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a blue era Even with the loss of Macauley and Mannion Dublin are still the team to beat in 2021

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Paul Mannion will be missed by the Dubs this year

Paul Mannion will be missed by the Dubs this year

Paul Mannion will be missed by the Dubs this year

Yesterday was the 21st day of the 21st year of the 21st century.

In time to come it could be remembered as the day when the first cracks appeared in the Dublin football empire.

The day began with an elegant seven-word statement on twitter from Michael Darragh Macauley. The 2013 Footballer of the Year – who holds a record-equalling eight All-Ireland medals – announcing his retirement.

His tweet simply stated ‘Sin é uaimse. Míle buíochas ó chroi (That’s it from me. Many sincere thanks).

Then around tea-time word emerged that Paul Mannion would not be part of the Dublin squad in 2021.

So, within the space of 14 days Dessie Farrell has lost three players – Paddy Andrews retired last week - who between had accumulated a total of 21 All-Ireland medals.

Given that there are only 14 players still active at inter-county level who have won All-Ireland medals the feats of Macauley, Andrews and Mannion are seen in their proper context.

But before assuming that Dublin's bid for an unprecedented seven All-Ireland win in a row is now compromised, some perspective is needed.

Paddy Andrews was part of Dublin’s extended panel this season and his departure as no surprise.

Likewise, Michael Darragh Macauley must have sensed his days as a first team player were numbered when newcomer Tom Lahiff was chosen ahead of him for the Leinster championship games against Westmeath and Laois.

Macauley, who was Footballer of the Year in 2013, was on the 26-man match day squad for the All-Ireland final against Mayo. But he picked up his eighth All-Ireland medal without having a second of championship football.

Mannion’s case is different. He hasn’t retired, instead he opted to take a break from Dublin.

The 27-year-old was at the peak of his career. He was the only forward to win three consecutive All Star awards between 2017 and 2019. It was assumed he would be a first-choice player in the autumn championship.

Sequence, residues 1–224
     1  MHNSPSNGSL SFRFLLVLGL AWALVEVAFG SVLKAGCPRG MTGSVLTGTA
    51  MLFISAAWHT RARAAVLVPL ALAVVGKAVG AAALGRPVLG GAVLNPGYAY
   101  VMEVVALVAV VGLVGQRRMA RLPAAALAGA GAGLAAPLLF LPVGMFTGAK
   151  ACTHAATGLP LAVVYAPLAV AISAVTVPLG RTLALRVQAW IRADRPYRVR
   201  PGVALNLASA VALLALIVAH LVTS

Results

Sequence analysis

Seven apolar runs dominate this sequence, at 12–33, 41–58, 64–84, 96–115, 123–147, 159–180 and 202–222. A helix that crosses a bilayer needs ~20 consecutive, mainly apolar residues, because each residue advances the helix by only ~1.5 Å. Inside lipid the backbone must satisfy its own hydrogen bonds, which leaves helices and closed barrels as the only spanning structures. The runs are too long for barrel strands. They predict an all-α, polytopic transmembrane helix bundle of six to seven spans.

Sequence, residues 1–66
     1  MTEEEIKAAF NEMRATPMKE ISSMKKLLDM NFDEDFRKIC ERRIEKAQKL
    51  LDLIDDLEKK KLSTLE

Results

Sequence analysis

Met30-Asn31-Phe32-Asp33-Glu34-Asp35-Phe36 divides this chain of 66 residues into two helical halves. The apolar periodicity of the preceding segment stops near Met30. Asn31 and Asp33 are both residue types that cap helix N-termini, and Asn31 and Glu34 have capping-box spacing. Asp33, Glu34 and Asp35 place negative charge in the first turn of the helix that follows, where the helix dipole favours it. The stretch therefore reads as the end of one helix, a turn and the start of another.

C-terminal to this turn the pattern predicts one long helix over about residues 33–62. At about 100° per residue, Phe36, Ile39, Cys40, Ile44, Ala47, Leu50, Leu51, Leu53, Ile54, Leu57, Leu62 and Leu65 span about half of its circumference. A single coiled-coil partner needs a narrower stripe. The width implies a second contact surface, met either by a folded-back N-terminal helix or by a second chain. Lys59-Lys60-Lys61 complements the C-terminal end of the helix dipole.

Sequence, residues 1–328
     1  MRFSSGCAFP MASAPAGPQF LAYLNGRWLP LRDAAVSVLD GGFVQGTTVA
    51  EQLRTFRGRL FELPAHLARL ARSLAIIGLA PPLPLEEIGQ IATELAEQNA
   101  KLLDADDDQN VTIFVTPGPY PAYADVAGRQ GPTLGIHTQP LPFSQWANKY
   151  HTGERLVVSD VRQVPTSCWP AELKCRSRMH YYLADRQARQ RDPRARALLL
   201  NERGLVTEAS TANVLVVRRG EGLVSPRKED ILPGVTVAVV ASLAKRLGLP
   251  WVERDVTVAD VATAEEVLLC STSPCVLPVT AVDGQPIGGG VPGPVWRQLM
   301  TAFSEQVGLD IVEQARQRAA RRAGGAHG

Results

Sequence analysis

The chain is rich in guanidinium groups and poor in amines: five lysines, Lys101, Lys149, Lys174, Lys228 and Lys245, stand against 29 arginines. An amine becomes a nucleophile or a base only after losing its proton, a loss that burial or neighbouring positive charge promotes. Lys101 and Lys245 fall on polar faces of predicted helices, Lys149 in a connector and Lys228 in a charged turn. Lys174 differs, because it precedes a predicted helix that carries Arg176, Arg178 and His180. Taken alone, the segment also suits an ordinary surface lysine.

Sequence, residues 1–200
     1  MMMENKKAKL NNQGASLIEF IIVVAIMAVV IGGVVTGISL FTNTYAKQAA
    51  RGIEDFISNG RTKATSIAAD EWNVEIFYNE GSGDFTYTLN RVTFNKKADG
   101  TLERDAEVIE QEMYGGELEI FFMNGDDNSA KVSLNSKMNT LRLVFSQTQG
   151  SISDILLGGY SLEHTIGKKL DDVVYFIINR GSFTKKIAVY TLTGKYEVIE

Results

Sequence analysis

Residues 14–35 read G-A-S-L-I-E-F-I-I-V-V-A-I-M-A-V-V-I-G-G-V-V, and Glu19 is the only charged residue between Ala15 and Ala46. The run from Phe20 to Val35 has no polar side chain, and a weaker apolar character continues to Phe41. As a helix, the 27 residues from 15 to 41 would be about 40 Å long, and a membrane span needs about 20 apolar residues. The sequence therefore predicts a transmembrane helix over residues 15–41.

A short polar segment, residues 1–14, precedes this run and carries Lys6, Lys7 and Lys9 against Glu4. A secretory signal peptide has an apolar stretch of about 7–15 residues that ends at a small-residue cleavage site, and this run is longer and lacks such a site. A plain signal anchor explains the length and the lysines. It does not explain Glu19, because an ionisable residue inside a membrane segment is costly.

New boss Dessie Farrell had other ideas, however, and opted to keep both Mannion and another current All-Star Brian Howard on the bench. Apparently, it was part of a strategy to have the best team on the field at the business end of the match.

It worked with both Mannion and Howard making significant contributors off the bench even if Dublin were rarely stretched apart from a period midway through the first half against Mayo.

But like Jack McCaffrey who walked away from the squad last year, Mannion was a different breed of footballer.

He was the first high-profile player to reveal he was a vegan. He wanted to do something positive about climate change and so opted for a fully plant-based diet. “To me, to change the diet, was the easiest thing that I could do,” he said.

It is a measure of Dublin’s strength in depth that though they’ve lost two players at the peak in the last nine months, but they are still short priced favourites (4/6) to win again in 2021.

Let’s not forget that the 34 players left on the current squad have collected a total of 155 Celtic Crosses in the last ten years.

The departure of Jack McCaffrey was supposed to be a game-changer, but his direct replacement Robbie McDaid was so effective that the Clontarf ace was scarcely missed in the 2020 championship.

But drowning men clutch at straws and GAA fans outside the capital will see the departure of Mannion as a chink of light in terms of making the All-Ireland series more competitive.

Lest we forget though that their nearest rivals Mayo have lost five of their most experienced players David Clarke, Chris Barrett, Donal Vaughan, Tom Parsons, and Seamus O’Shea since the start of the year while three Kerry squad players, Brian Kelly, Shane Enright, and Jonathan Lyne also opted out.

On the other hand, Donegal were boosted by the decision of Odhran MacNiallais to return to the squad, but Declan Bonner side has consistently failed to deliver when it matters most.

At 12/1 Tyrone are a decent long shot for the 2020 title. A new management team usually brings a positive response.

Having listened to the same voice throughout their careers the arrival of Brian Dooher and Feargal Logan will give the players a fresh impetus.

They are not short on talented footballers particularly in the forward division now boosted by the return of Conor McKenna from Australia and the probable return of Cathal McShane following knee surgery.

The qualifiers are due to return in 2021 and Tyrone have a long history of making the most of their second chances if they bow out of the Ulster series.

Still, let’s not get carried away. We don’t know for sure when the 2021 championship will be played. But it is still Dublin’s to lose.

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